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Friday, July 21, 2017

apricot Ancho Lamb Shanks






Deb Lindsey for The Washington Post

SOURCED APR 13, 2011

Braised lamb shanks are equally suitable for a simple at-home dinner or an elegant party. In this version, searing the shanks on a grill complements the smoky quality of the ancho chili peppers featured in the sauce, which is thickened with caramelized onions and apricots.

Serve the shanks atop creamy white polenta and sauteed Swiss chard or spinach.

Make Ahead: The shanks can be prepared a day or two in advance and reheated.

SERVINGS: 4

INGREDIENTS
4 lamb shanks (3 to 4 pounds total)
Salt
1/2 teaspoon freshly ground black pepper, plus more as needed
3 large dried ancho chili peppers
2 tablespoons olive oil
2 large onion (2 pounds total), cut in half, then cut into thin half-moons
1 quart low-sodium beef broth
1 teaspoon dried thyme leaves
1 bay leaf
4 ounces/112g (1/2 cup) dried unsulphured unsweetened apricots

DIRECTIONS
Prepare the grill for direct heat. If using a gas grill, preheat to medium-high (450 degrees). If using a charcoal grill, make a pile of briquettes in the center of the grill and light them. After 20 minutes, they should be ready (no flames, and a layer of ash on the outside of the briquettes). For a medium-hot fire, you should be able to hold your hand about 6 inches above the coals for about 4 or 5 seconds. Lightly coat the grill rack with oil and place it on the grill.

Season the shanks well with salt and pepper. Place on them on the grill and cook until nicely browned on both sides, turning them as often as needed. Transfer them to a Dutch oven.

(Alternatively, the shanks can be seared in a skillet on top of the stove. Heat 2 tablespoons of canola oil in a skillet over medium-high heat until the oil shimmers, then add the shanks and sear on both sides for several minutes, until golden brown.)

Char the ancho chili peppers on a gas stove by holding one pepper at a time with long tongs over a low open flame, or on an electric stove by placing the pepper directly on the burner. With either method, cook for 30 seconds to 1 minute, turning frequently, until each pepper has puffed, softened and charred slightly. Discard the stems and seeds; cut each pepper into 3 or 4 pieces.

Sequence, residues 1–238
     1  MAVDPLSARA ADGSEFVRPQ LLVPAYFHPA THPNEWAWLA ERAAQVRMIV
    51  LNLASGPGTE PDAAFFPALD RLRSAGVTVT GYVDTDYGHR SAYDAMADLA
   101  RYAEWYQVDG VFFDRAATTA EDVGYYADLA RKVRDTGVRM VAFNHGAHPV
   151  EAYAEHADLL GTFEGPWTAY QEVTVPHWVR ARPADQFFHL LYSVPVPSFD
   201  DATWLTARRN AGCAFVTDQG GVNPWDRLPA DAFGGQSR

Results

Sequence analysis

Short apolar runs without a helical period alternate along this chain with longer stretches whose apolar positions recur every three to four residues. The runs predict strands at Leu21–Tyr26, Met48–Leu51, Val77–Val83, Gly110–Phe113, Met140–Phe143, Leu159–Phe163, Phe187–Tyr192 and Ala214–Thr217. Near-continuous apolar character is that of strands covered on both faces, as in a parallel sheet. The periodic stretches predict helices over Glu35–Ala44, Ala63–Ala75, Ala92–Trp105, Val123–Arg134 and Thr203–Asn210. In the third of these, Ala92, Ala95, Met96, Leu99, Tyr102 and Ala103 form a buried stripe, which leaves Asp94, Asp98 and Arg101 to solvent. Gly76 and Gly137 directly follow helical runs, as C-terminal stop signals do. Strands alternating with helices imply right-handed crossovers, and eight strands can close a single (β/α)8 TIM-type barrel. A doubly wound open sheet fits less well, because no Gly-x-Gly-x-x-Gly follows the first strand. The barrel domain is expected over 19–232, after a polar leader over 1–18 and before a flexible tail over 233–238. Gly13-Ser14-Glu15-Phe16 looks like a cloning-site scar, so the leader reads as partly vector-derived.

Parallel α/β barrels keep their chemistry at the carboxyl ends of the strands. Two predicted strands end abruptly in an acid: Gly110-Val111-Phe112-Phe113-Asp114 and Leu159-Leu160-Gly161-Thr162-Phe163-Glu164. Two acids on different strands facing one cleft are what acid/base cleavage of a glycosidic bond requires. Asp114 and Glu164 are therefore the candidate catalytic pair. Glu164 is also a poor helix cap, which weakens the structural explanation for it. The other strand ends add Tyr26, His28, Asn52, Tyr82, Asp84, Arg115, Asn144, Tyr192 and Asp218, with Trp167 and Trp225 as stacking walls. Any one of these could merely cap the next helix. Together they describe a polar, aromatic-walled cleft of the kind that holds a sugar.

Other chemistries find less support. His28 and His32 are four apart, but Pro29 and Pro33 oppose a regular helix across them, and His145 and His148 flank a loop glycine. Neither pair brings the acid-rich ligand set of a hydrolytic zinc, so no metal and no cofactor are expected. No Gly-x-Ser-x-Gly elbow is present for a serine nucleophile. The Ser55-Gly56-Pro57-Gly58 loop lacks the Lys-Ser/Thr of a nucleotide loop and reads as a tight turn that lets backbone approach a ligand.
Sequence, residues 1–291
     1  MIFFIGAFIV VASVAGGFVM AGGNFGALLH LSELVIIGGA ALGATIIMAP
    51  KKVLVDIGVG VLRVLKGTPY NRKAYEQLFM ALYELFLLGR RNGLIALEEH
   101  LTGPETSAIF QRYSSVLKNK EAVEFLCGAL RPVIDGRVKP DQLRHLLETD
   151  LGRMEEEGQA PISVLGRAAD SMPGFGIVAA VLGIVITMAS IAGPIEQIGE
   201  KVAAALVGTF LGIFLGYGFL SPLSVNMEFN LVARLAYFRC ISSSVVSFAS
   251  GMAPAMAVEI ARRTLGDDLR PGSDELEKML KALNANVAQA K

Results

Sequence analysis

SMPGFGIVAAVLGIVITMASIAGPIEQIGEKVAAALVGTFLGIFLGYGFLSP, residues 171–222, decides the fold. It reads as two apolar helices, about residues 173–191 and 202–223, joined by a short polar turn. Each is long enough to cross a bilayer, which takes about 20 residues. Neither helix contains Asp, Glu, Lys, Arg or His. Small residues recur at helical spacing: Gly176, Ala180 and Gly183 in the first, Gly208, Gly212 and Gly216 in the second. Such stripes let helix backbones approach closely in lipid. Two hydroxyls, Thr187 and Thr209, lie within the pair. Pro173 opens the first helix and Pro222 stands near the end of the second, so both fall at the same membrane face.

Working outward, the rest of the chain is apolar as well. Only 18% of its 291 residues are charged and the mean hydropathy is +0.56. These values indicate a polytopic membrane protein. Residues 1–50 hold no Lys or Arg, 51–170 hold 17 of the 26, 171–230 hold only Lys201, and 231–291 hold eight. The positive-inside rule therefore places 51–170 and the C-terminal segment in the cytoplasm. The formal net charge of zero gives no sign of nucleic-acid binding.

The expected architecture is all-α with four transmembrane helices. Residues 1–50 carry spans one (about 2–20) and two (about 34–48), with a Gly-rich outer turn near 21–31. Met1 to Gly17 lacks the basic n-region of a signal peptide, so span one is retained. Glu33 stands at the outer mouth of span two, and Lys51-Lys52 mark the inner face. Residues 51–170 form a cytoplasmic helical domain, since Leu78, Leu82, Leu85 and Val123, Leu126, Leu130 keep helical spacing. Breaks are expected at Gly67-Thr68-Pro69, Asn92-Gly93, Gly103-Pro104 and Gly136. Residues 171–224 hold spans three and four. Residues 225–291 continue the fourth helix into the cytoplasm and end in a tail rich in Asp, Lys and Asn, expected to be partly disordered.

Heat the oil in a large saute pan over medium-high heat until the oil shimmers. Add the onions and stir lightly to coat; season with salt and pepper. Cook for 10 to 15 minutes, stirring often, until the onions' moisture has evaporated and the onions begin to sizzle and brown. Reduce the heat to medium; cook for 15 to 20 minutes, stirring often, until the onions are deep-brown and caramelized; adjust the heat as needed so it does not burn.

Preheat the oven to 325 degrees.

Stir in the broth, using a wooden spoon to dislodge the browned bits on the bottom of the pan. Add the thyme, bay leaf, apricots and the charred ancho chili pepper pieces, stirring to combine.

Pour the mixture over the shanks in the pot. Cover and slow-roast for 1 1/2 to 2 hours, turning the shanks over halfway through the cooking, until the meat is fork-tender.

To serve, transfer the shanks to a platter and cover loosely with aluminum foil. Discard the bay leaf. Use a hand-held immersion (stick) blender to puree the sauce until smooth. (There will be about 4 cups of sauce.) Adjust the seasoning as needed. Ladle some of the sauce over the shanks; serve the rest on the side.

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RECIPE SOURCE

From Sourced columnist David Hagedorn.

Tested by David Hagedorn.

Nutritional Facts
Calories per serving: 600
% Daily Values*
Total Fat: 19g 29%
Saturated Fat: 6g 30%
Cholesterol: 230mg 77%
Sodium: 700mg 29%
Total Carbohydrates: 26g 9%
Dietary Fiber: 11g 44%
Sugar: 16g
Protein: 77g

https://www.washingtonpost.com/pb/recipes/apricot-ancho-lamb-shanks/12038/

Main course Grilling  easter 

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